What's going on? Is there a rational explanation for these freaky experiences?
THE SCIENTIFIC EXPLANATION
The medical establishment is quite aware of this phenomenon, but has a less sensational name than "old hag syndrome" for it. They call it "sleep paralysis" or SP (sometimes ISP for "isolated sleep paralysis").
So what causes it? Dr. Max Hirshkowitz, director of the Sleep Disorders Center at the Veterans Administration Medical Center in Houston, says that sleep paralysis occurs when the brain is in the transition state between deep, dreaming sleep (known as REM sleep for its rapid eye movement) and waking up. During REM dreaming sleep, the brain has turned off most of the body's muscle function so we cannot act out our dreams - we are temporarily paralyzed.
"Sometimes your brain doesn't fully switch off those dreams - or the paralysis - when you wake up," Hirshkowitz told ABC News. "That would explain the 'frozen' feeling and hallucinations associated with sleep paralysis." According to his research, the effect only really lasts from a few seconds to as long as a minute, but in this half-dream half-awake state, to the victim it can seem much longer.
In her article, "Help! I Can't Move!,"Florence Cardinal writes: "Sleep paralysis is often accompanied by vivid hallucinations. There may be a sense someone is in the room, or even hovering over you. At other times, there seems to be pressure on the chest, as though someone or something perched there. There may even be sexual attacks associated with the hallucinations. The sound of footsteps, doors opening and closing, voices, all can be a very frightening part of sleep paralysis. These are known as Hypnagogic and Hypnopompic Experiences and they are what make people dread an episode of sleep paralysis."
For all their explanations, however, the sleep experts still do not know what causes the brain to screw up like this, or why some people experience it more than others. But there are some theories:
•"Episodes of paralysis can occur when the body is in any position, but happen most frequently when the sleeper is lying flat on his or her back. Intense fear is common, but sometimes other strong emotions, such as sadness or anger, are present," says Florence Cardinal in "The Terror of Sleep Paralysis."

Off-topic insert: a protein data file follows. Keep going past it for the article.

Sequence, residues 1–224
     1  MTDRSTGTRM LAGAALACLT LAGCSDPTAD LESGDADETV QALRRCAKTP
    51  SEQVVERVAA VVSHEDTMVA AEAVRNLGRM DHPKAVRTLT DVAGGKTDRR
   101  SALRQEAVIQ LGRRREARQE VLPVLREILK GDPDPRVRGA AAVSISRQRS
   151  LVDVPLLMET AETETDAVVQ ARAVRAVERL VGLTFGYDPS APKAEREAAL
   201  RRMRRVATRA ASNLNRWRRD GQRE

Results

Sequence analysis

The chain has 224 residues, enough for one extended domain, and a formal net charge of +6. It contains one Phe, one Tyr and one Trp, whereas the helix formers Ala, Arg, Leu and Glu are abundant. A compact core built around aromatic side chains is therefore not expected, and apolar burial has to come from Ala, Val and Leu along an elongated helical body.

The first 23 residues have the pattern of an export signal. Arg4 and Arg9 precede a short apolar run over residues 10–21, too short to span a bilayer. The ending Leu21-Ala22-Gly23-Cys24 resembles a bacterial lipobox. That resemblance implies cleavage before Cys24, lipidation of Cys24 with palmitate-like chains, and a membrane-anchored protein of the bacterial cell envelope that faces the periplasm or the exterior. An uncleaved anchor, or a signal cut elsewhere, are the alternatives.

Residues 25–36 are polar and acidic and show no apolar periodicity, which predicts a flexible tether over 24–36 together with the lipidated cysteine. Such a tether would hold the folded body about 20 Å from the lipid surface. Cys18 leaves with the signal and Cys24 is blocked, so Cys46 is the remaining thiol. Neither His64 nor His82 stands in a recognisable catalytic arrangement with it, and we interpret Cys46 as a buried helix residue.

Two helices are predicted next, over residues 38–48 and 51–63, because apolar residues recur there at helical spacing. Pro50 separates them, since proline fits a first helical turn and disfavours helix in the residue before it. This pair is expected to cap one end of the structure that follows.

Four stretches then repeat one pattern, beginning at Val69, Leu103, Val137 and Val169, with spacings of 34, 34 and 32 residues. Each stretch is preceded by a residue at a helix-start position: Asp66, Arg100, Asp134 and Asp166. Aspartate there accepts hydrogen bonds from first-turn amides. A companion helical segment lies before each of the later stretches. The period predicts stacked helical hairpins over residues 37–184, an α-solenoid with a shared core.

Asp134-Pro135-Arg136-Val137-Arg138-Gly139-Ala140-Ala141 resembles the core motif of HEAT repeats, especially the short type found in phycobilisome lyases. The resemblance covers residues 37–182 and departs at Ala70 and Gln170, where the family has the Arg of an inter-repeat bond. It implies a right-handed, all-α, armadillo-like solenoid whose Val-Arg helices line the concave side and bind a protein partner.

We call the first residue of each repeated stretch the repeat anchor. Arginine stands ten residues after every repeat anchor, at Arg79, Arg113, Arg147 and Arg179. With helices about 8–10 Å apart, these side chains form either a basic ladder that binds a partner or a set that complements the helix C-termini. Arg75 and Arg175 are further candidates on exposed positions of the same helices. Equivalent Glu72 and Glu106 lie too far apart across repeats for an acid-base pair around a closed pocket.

•For some, SP is often brought about by not getting enough sleep or being overtired. Likewise, disrupted sleep schedules or circadian rhythm disturbances can produce an episode of sleep paralysis.
•It is more common in people who suffer from severe anxiety or bipolar disorder. Some research shows that SP is five times more likely to occur with people who are taking such anti-anxiety drugs as Xamax or Valium.
•A study found that 35 percent of subjects with isolated sleep paralysis also report a history of wake panic attacks unrelated to the experience of paralysis.
How can you prevent sleep paralysis? According to clinical research, you may be able to minimize the episodes by following good sleep hygiene:
•get enough sleep
•exercise regularly (but not too close to bedtime)
•keep a regular sleep schedule
"For some people this may not be possible, however," says Florence Cardinal, "so instead let's look at ways to escape from the grip of sleep paralysis. The best remedy is to will yourself to move, even if it's only the wiggling of your little finger. This is often sufficient to break the spell. If you can manage it, scream! Your roommate may not appreciate it, but it's better than suffering through a long and fear-filled episode. If all else fails, seek professional help."
Sounds like good advice. The bottom line is that you really have nothing to fear, in a paranormal sense, from sleep paralysis. That old hag you feel perched on your chest may be nothing more than the anxiety of living in a stressful world.